Is Washington’s post-Cold War “unipolar moment” over? Some claim that multipolarity has been with us for some time. Others are not so sure, pointing to the United States’ continued economic and military dominance. But even if the U.S. remains the world’s predominant power, it may still well exist in a multipolar world.
The final communique of last weekend’s G-7 summit left no doubt that the West views Russia as a malign global player and enemy, and considers China to be a competitor, rival and potential threat. That is the position among the governments and leaders of the world’s richest democracies. But what about the world’s population at large?
At a recent conference of the U.K.’s self-described National Conservatives, senior Tory MPs and a Cabinet minister espoused views that align with those of European far-right parties. It’s an indication of how strong these factions, which just a decade ago remained at the outer fringes of the Conservative Party, have now become.
Around the world, democracies are suffering from voter apathy, political polarization, anti-establishment sentiment and abuses of majoritarian rule that have facilitated the spread of autocracy. Now countries are increasingly experimenting with a new way forward: citizens’ assemblies put together by random selection.
For the past year, leaders of the Global South have resisted Western pressure to take a tougher position against Russia’s invasion of Ukraine by seeking to broaden the discussion to include a global order they see as being built on—and perpetuating—political and economic inequities. It seems that effort may be bearing fruit.
EU officials are still digesting the result of Turkey’s general election, which saw the presidential race head to a second-round runoff. While President Erdogan’s antagonism toward Europe has won him few friends in Brussels, many are also wondering if the runoff might present a case of “better the devil you know.”
Spain’s landmark law on sexual crime made explicit consent—or the lack thereof—the benchmark for determining guilt in rape cases. But the law had an unintended consequence: Hundreds of convicted sex offenders’ sentences were reduced on appeal, leading to public outrage and infighting within the leftist governing coalition.
The aftermath of Romania’s post-communist transition, particularly the struggle to overcome corruption, left a toxic legacy that hampers Bucharest’s ability to exert influence over EU decision-making to this day. But Romania’s reluctance to be proactive in policy debates within both the EU and NATO has now become problematic.
At the annual G-7 summit this week, Western leaders have to decide what vision of global leadership they want to project. Beyond showing unity in opposition to Russia’s war on Ukraine and China’s military and economic assertiveness, it’s unclear what the G-7 will say about resolving the issues currently plaguing non-Western states.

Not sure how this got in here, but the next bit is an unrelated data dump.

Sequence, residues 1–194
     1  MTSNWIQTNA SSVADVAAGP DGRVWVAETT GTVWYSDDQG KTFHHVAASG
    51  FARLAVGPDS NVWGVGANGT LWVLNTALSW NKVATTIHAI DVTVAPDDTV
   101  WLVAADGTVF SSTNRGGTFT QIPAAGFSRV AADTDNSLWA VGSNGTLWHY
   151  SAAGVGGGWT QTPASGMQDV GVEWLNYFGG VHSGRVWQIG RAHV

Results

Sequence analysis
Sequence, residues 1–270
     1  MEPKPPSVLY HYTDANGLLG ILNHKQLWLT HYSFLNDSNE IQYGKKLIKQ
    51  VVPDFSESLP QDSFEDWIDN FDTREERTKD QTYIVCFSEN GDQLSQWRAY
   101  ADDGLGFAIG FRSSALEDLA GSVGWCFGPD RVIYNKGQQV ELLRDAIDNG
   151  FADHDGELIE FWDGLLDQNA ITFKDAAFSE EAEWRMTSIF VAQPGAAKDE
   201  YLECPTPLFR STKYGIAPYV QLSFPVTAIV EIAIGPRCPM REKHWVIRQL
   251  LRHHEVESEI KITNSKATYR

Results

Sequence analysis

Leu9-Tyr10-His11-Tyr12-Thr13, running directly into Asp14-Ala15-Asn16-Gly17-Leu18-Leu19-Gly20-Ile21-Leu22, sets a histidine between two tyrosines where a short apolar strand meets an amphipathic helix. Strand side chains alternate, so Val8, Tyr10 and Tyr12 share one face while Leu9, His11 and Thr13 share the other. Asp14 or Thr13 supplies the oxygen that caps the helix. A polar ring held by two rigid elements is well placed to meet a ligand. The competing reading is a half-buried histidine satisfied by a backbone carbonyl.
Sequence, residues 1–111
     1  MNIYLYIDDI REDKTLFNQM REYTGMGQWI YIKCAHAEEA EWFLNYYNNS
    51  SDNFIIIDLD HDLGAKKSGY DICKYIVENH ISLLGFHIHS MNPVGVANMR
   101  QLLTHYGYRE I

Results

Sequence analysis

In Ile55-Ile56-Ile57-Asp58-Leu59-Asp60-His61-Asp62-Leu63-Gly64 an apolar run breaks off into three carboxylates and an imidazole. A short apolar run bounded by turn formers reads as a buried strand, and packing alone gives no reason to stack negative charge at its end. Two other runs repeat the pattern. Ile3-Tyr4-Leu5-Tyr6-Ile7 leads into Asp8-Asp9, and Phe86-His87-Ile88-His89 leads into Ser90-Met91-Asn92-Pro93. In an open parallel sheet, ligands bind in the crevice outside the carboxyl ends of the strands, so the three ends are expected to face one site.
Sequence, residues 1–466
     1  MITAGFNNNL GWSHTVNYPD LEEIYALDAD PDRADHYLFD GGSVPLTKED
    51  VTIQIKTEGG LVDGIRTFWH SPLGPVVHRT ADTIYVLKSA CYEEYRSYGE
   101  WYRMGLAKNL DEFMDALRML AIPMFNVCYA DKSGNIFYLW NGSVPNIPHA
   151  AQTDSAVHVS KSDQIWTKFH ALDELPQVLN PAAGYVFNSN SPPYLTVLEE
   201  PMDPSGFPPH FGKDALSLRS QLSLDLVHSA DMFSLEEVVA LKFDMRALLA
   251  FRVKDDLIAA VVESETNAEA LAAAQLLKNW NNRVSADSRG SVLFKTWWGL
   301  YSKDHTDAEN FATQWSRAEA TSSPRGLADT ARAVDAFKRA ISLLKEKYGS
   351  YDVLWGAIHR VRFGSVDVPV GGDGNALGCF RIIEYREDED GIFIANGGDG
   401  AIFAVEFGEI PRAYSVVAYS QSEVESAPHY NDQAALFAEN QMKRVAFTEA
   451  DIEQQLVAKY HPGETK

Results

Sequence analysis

Europe’s eyes are focused on Liverpool in the U.K. this week, as the city hosts the 67th annual Eurovision Song Contest, the most-watched annual live television event in the world. In the past, Eurovision has always tried to keep politics out of the contest. But the war in Ukraine has changed all that.
Greek Prime Minister Kyriakos Mitsotakis won the country’s 2019 elections promising to stabilize Greece’s economy and enact a law-and-order security agenda. In his own way, Mitsotakis has delivered on those promises. Nevertheless, he and his ruling party face an uphill battle to hold onto power in the upcoming snap elections.
The Russia-Ukraine war has had major global implications. Some disruptions appear relatively straightforward to solve, but the realm of information security does not lend itself to quick fixes. Central and Eastern Europe provides several hard-learned lessons in how Russian disinformation is used and how it might be countered.
The European Commission has proposed harmonizing national criminal laws against corruption and increasing anti-corruption penalties across the European Union. But some Eastern European member states, like Hungary, Poland and Romania, have bristled against the EU interfering in their national practices.
Something strange is happening in liberal democracies’ relationship with social media platforms—specifically with TikTok, which is being banned or threatened with bans in democracies around the world. It is commonplace for authoritarian regimes to ban such platforms, but this is relatively new and dangerous territory for democracies.
Few conflicts have been predicted by so many observers, so far in advance, as the fighting that erupted on April 15 in Sudan’s capital, Khartoum. Almost every external and domestic powerbroker that has exerted influence over Sudan’s development over the past four decades shares in the blame for this devastating cycle of violence.